David A. Geller, MD
Department of Surgery, UPMC Liver Cancer Center
University of Pittsburgh
Pittsburgh, PA 15213-2582, USA
Ann Surg. 2009 Nov;250(5):831-41
To provide a review of the world literature on laparoscopic liver resection.
Initially described for peripheral, benign tumors resected by nonanatomic wedge resections, minimally invasive liver resections are now being performed more frequently — even for larger, malignant tumors located in challenging locations. Although a few small review articles have been reported, a comprehensive review on laparoscopic liver resection has not been published.
- Conducted a literature search using PubMed, screening all English publications on laparoscopic liver resections.
- Analyzed all data and excluded apparent case duplications in updated series from the total number of patients.
- Tabulated data by:
- Tumor type
- Operative characteristics
- Perioperative morbidity
- Oncologic outcomes
A total of 127 published articles of original series on laparoscopic liver resection were identified, and accounted for 2,804 reported minimally invasive liver resections.
- Malignant tumors: 50%
- Benign lesions: 45%
- Live donor hepatectomies: 1.7%
- The rest were indeterminate
How resections were performed
- 75% were performed totally laparoscopically
- 17% were hand-assisted
- 2% were laparoscopic-assisted open hepatic resection (hybrid) technique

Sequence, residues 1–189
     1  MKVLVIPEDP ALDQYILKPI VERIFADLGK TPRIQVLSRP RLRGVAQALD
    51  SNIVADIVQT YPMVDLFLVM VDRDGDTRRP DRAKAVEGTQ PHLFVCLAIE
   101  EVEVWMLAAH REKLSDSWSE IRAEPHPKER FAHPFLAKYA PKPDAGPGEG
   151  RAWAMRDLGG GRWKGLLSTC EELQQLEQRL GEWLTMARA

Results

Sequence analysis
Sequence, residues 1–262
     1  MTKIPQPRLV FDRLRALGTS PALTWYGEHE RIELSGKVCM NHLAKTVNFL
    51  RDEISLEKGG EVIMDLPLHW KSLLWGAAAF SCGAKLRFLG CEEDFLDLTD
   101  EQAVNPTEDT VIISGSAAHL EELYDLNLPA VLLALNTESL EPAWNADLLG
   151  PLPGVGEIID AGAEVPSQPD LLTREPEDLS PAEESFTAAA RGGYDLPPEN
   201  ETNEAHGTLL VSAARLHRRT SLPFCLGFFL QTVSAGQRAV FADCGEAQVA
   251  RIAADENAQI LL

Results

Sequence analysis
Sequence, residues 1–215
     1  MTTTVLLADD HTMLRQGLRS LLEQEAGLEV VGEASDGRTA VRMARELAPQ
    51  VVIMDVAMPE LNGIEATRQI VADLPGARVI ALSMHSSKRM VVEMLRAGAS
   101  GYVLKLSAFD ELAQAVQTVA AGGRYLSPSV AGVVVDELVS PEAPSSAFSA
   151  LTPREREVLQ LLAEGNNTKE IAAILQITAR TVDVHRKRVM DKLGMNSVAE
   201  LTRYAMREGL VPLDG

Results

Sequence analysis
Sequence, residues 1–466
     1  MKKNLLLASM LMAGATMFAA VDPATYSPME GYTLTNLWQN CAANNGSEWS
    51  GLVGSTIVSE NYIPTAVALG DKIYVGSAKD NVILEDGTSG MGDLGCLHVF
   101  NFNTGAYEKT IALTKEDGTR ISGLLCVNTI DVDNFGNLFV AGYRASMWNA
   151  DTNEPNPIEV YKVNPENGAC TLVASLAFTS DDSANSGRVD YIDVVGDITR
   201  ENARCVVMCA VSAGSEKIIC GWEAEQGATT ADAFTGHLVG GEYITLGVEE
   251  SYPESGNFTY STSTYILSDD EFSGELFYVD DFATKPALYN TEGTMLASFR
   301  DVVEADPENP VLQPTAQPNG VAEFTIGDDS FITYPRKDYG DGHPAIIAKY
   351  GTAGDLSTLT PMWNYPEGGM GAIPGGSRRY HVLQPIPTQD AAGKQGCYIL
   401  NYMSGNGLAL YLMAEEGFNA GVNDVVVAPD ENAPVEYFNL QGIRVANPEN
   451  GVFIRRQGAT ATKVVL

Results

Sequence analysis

- Remainder used other techniques or conversions to open hepatectomies
Types of resections performed
- Wedge resection or segmentectomy (most common): 45%
- Anatomic left lateral sectionectomy: 20%
- Right hepatectomy: 9%
- Left hepatectomy: 7%
Conversion from laparoscopy
- To open laparotomy: 4.1%
- To hand-assisted approach: 0.7%
- 9 of 2,804 patients (0.3%)
- No intraoperative deaths reported
- Most common cause of postoperative death: liver failure
- Postoperative bile leak: 1.5% of cases
For cancer resections
- Negative surgical margins were achieved in 82 to 100% of reported series
Overall and disease-free survival rates after laparoscopic liver resection
- 5-year overall: 50 to 75%
- 5-year disease-free: 31 to 38.2%
- 3-year overall: 80% to 87%
- 3-year disease-free: 51%
In experienced hands, laparoscopic liver resections are safe with acceptable morbidity and mortality for both minor and major hepatic resections.
Oncologically, 3- and 5-year survival rates reported for hepatocellular carcinoma and colorectal cancer metastases are comparable to open hepatic resection, albeit in a selected group of patients.